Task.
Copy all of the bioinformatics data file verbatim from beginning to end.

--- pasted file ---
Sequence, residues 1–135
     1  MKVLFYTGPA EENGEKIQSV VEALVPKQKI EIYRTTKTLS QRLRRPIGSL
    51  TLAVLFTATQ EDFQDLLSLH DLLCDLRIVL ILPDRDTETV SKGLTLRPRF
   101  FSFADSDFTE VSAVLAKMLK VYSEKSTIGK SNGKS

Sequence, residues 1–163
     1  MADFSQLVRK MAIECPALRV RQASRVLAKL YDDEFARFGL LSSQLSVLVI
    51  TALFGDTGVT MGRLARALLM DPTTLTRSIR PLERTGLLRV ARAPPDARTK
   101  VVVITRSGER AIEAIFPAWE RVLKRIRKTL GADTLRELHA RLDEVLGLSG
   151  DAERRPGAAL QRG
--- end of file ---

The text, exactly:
Sequence, residues 1–135
     1  MKVLFYTGPA EENGEKIQSV VEALVPKQKI EIYRTTKTLS QRLRRPIGSL
    51  TLAVLFTATQ EDFQDLLSLH DLLCDLRIVL ILPDRDTETV SKGLTLRPRF
   101  FSFADSDFTE VSAVLAKMLK VYSEKSTIGK SNGKS

Sequence, residues 1–163
     1  MADFSQLVRK MAIECPALRV RQASRVLAKL YDDEFARFGL LSSQLSVLVI
    51  TALFGDTGVT MGRLARALLM DPTTLTRSIR PLERTGLLRV ARAPPDARTK
   101  VVVITRSGER AIEAIFPAWE RVLKRIRKTL GADTLRELHA RLDEVLGLSG
   151  DAERRPGAAL QRG